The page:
Despite all my ravings about my Kindle and how wonderful and super technology is, this edition of Lark Rise to Candleford is a prime example of why I will never ever stop collecting books. Lark Rise arrived just before Christmas and I have not had much time to look at it until the last week or so when it has been by my bedside to read before sleep at night.
It is not the kind of book one can read straight through but repays the dipping in and out approach as this is not a narrative which is going to reach out and grab you and is not to be rushed. It is an evocative portrait of a vanished world of agricultural customs and rural culture and best taken in small bites to savour. The trilogy, Lark Rise, Over to Candleford and Candleford Green tells the story of Flora Thompson's youth and childhood during in 1880s. Laura is Flora herself and it is through her eyes that she describes the cottages, characters and way of life of the families with which she grew up. She tells us that after their mid-day meal the women allowed themselves some leisure and would sit and talk and sew in the shade and try to avoid the gossips who began to get busy at this hour.
"One of the most dreaded of these was Mrs Mullins ...... she visited every cottage in turn knocking at the door and asking the correct time, or for the loan of a few matches - anything to make an opening. She talked no scandal. Had she done so, her visits might have been less unwelcome. She just babbled on about the weather, or her son's last letter or her pig..... Poor Mrs Mullins! With her children all out in the world her home must have seemed un bearably silent....nobody wanted her for she had nothing interesting to say ...she was that worst of all bores, a melancholy bore, and at the sight of her door key and little black shawl the pleasantest of little gossiping groups would scatter"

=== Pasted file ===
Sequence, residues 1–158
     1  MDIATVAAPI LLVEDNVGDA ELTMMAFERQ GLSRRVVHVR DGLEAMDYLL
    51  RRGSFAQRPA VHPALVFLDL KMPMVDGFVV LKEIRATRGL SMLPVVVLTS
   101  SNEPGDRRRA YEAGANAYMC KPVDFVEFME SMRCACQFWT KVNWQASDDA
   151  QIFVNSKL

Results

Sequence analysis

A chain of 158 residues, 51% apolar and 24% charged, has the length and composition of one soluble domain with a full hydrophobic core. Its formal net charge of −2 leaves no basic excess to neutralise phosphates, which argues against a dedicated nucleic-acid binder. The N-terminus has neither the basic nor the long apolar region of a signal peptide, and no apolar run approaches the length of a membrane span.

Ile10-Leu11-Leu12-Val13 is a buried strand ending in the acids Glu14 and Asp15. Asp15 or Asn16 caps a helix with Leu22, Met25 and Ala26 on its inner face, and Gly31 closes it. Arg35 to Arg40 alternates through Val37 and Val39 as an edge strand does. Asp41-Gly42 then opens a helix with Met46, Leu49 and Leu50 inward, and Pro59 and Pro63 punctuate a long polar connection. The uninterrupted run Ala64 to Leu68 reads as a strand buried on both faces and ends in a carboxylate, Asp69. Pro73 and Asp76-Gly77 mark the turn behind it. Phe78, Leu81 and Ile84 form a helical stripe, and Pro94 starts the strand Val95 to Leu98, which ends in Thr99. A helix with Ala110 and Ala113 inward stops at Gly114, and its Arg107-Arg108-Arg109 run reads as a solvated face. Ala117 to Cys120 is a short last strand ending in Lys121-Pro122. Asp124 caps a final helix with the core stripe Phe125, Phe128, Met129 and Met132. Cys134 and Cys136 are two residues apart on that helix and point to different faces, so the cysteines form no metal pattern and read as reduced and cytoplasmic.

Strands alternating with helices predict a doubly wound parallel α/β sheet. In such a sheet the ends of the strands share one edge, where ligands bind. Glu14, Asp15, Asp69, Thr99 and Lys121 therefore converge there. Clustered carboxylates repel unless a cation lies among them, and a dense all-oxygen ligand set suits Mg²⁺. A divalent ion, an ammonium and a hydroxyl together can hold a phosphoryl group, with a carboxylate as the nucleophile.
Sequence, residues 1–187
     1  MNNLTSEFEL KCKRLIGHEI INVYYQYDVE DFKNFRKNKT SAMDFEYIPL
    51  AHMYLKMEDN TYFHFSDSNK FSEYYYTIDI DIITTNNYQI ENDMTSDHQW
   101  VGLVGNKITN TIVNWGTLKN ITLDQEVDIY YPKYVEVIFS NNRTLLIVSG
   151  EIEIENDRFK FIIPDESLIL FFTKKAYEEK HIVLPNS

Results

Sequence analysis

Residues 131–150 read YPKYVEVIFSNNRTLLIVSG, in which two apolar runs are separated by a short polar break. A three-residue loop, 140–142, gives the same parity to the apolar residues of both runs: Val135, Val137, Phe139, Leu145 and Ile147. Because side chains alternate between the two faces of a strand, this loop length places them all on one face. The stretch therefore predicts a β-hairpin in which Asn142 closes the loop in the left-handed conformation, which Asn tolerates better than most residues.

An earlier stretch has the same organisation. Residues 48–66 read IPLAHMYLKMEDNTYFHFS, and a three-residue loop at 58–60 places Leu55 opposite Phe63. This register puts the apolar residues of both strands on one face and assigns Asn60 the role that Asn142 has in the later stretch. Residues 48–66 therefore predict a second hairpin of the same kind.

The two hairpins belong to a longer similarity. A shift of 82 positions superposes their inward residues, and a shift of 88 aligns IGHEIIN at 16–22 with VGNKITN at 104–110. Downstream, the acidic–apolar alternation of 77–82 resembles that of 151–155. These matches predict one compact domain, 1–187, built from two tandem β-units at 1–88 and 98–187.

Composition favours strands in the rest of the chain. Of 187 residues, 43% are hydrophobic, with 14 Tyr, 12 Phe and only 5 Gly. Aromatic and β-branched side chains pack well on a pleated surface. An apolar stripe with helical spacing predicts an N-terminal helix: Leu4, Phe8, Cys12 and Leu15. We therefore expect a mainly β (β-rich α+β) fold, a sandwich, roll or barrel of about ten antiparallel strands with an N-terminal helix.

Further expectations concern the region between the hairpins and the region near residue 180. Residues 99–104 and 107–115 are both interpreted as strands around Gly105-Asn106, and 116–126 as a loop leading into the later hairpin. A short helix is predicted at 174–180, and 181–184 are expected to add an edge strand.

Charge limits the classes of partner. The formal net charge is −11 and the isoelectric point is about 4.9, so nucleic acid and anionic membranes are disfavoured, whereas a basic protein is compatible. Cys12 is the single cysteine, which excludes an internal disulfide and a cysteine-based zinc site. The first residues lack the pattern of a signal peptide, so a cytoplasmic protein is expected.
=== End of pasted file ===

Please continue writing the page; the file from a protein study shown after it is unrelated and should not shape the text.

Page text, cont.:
This edition of Lark Rise to Candleford has the original wood engravings at the start of every chapter and they are enchanting. I do love this kind of illustration, so precise and so beautifully done. It is printed on lovely smooth paper and is a joy to hold and to stroke. Can't do that with a Kindle!
I gave up on the BBC dramatisation of this some time ago as it seemed to lack drama to an amazing degree and the pacing is slower than molasses in January, so much so that when I have watched it for five minutes or so recently, I have fallen into a comatose state almost immediately. Dawn French, for all her over-bucolic acting in the first couple of series, at least added a bit of excitement to it all but it now seems all so dreary. I am sure it is also the cleanest pair of villages I have ever seen, even the mud is neat and tidy and seems to be bathed in permanent golden glow. I am all for a bit of getting-away-from-reality but this series does seem to be going a bit too far for me.
As I said, a gorgeous book and one which will not be passed on but will be remaining firmly on my shelves. Once again, my thanks to Oxford University Press for another gem.